Chapter 6 uses the baseline cross sectional prevalence surveys to elucidate how the epidemiology of malaria on Rusinga Island. Firstly, the malaria distribution and hot spots are identified. Consequently, a standard epidemiological model and a geographically weighted regression are compared, and used to identify risk factors for malaria. The latter model, taking into account non-stationarity, performs better and is able to produce geographically varying risk factors. The strength of the relationship of risk factors for malaria are heterogeneous over the whole island, and for instance social economic status and occupation are strong predictors of malaria in some areas but less in other areas. Considering these risk factor distributions can aid in guiding the implementation of malaria intervention methods.

Chapter 7 presents the main outcomes of the SolarMal project. The impact of OBTs on the prevalence of malaria is pronounced in the contemporaneous comparison between the intervened and the intervened arm. Comparison of baseline data with the intervened clusters does not yield significant effects. A strong decline in cases of clinical malaria was observed starting already in the baseline period, and therefore we cannot attribute this decline to the intervention. Effects on the most prominent malaria vector were large, whereas other vectors did not suffer under the intervention.

Chapter 8 is a general discussion of the work provided. The most important implications of the thesis are discussed underscoring the societal and scientific relevance, and putting the research in a wider perspective. Unaddressed issues are raised and recommendations for further research are provided.

Beyond liking : emotional and physiological responses to food stimuli
He, W. - \ 2016
Wageningen University. Promotor(en): Kees de Graaf, co-promotor(en): Sanne Boesveldt; Rene de Wijk. - Wageningen : Wageningen University - ISBN 9789462576506 - 149 p.
stimuli - food - emotions - autonomic nervous system - odours - taste - beverages - physiological functions - man - human behaviour - expressivity - prikkels - voedsel - emoties - autonome zenuwstelsel - geurstoffen - smaak - dranken - fysiologische functies - mens - menselijk gedrag - expressiviteit

Background and aim

Traditional liking ratings are typically seen as an important determinant in eating behavior. However, in order to better understand eating behavior, we need to first better understand (the dynamic and implicit features underlying) liking appraisal. The aim of this thesis was to investigate the effects of food stimuli varying in sensory modality (smell and taste), pleasantness and intensity, on emotional and physiological responses leading up to liking appraisal.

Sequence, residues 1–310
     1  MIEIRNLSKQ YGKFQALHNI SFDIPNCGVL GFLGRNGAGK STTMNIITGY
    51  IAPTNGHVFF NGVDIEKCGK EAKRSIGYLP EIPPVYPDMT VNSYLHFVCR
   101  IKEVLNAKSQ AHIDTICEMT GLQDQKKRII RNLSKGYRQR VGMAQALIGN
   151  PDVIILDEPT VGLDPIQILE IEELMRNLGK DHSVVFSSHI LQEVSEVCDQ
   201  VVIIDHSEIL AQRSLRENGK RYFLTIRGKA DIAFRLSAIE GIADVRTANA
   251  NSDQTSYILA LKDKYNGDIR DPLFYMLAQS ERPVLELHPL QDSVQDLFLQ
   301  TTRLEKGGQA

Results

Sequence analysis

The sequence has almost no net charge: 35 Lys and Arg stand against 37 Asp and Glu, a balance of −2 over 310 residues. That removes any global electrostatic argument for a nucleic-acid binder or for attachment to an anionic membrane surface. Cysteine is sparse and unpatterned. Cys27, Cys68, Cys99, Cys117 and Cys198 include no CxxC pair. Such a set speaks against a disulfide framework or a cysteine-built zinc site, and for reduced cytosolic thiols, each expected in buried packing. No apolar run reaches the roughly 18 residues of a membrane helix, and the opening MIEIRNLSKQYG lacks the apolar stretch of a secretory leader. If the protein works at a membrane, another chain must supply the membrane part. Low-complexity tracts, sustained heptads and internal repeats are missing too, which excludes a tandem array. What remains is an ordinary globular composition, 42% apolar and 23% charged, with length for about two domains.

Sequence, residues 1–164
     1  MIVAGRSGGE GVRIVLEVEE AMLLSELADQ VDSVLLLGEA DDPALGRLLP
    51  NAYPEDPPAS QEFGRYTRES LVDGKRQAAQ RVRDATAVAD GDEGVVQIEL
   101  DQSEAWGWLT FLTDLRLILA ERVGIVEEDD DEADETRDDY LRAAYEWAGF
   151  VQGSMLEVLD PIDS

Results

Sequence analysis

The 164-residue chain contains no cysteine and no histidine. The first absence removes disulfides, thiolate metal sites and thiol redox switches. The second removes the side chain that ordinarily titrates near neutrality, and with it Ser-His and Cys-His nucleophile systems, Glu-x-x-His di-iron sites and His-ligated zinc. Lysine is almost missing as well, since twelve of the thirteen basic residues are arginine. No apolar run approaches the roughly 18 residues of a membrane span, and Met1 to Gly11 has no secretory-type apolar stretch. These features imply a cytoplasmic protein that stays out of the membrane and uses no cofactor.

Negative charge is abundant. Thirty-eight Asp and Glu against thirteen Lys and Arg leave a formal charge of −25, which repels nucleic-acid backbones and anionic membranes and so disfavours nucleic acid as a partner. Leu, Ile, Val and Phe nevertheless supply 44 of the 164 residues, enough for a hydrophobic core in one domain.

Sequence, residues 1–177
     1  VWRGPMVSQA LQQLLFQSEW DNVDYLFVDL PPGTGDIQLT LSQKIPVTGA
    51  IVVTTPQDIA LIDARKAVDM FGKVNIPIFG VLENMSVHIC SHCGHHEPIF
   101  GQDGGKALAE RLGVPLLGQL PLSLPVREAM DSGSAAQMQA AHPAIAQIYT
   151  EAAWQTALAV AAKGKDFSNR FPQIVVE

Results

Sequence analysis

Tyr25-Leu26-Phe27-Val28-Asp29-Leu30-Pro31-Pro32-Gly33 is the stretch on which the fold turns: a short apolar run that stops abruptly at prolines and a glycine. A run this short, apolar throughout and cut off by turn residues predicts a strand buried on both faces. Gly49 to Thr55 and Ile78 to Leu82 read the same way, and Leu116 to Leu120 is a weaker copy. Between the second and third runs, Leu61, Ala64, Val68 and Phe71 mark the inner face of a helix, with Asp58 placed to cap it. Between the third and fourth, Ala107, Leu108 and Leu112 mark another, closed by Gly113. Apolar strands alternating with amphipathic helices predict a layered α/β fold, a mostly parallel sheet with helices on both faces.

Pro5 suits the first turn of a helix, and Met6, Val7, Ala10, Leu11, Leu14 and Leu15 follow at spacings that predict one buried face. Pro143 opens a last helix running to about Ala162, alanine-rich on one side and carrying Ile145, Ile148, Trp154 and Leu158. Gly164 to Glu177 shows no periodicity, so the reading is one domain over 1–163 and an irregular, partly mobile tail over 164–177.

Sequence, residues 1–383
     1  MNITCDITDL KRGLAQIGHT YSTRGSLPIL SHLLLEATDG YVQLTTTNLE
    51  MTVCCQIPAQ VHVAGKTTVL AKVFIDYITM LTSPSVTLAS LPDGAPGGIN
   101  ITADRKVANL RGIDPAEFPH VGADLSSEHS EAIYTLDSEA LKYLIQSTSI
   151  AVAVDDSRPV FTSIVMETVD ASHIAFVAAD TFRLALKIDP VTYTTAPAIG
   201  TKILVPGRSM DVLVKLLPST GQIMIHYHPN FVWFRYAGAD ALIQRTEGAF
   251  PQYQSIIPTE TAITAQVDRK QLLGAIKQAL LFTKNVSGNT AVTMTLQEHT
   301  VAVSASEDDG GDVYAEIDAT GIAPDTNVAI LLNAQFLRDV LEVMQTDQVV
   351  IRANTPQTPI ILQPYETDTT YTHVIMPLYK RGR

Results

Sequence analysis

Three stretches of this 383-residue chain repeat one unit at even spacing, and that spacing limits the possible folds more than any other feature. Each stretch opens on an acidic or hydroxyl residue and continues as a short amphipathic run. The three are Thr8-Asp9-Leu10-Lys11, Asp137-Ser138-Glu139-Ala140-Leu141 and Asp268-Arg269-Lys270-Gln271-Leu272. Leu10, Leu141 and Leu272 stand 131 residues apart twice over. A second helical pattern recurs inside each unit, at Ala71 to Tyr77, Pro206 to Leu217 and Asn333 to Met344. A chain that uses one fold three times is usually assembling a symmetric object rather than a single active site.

Methods

Four studies, using healthy participants, were conducted as part of this thesis. In the first study, responses to pleasant versus unpleasant food odors varying in intensity were measured discretely using pleasantness ratings, intensity ratings and non-verbally reported emotions (PrEmo), as well as continuously using facial expressions and autonomic nervous system (ANS) responses. To further explore how explicit and implicit factors contribute to pleasantness appraisal, the same measures were assessed in response to food odors with a wider range of valence. Next, we focused on facial expressions and ANS responses elicited by single sips of breakfast drinks that were equally liked. In the last study, we investigated changes in pleasantness after consuming semi-liquid meals to (sensory-specific) satiety, combined with measures of facial expressions and ANS responses.

Results

Both non-verbal reported emotions and emotional facial expressions were demonstrated to be able to discriminate between food odors differing in pleasantness and between food odors differing in intensity. In addition to discrete emotional responses, odor valence associated best with facial expressions after 1 second of odor exposure. Furthermore, facial expressions and ANS responses measured continuously were found odor-specific in different rates over time. Results of food odors with a wider range of valence showed that non-verbally reported emotions, facial expressions and ANS responses correlated with each other best in different time windows after odor presentation: facial expressions and ANS responses correlated best with the explicit emotions of the arousal dimension in the 2nd second of odor presentation, whereas later ANS responses correlated best with the explicit emotions of the valence dimension in the 4th second. For food stimuli varying in flavor (breakfast drinks), facial expressions and ANS responses showed strongest associations with liking after 1 second of tasting, as well as with intensity after 2 seconds of tasting. Lastly, we were able to demonstrate that ANS responses, as well as facial expressions of anger and disgust were associated with satiety. Further effects of sensory-specific satiety were also reflected by skin conductance, skin temperature, as well as facial expressions of sadness and anger.

Conclusions

Both non-verbal reported emotions and emotional facial expressions were demonstrated to be able to discriminate between food odors differing in pleasantness and/or intensity. Explicit and implicit emotional responses, as well as physiological patterns are related to liking appraisals involved in smelling foods. Implicit measures such as facial expressions and ANS responses can provide more multidimensional information for both food odors and tastes than explicit measures and prove to be highly dynamic over time with specific time courses. Early implicit facial and ANS responses primarily reflect emotion arousal, whereas later ANS responses reflect emotion valence, suggesting dynamic unfolding of different appraisals of food stimuli. Furthermore, ANS responses and facial expressions can reflect pleasantness, satiety, and a combination of both: sensory-specific satiety. This suggests that implicit processes play an important role in dynamic liking appraisals with respect to eating behavior.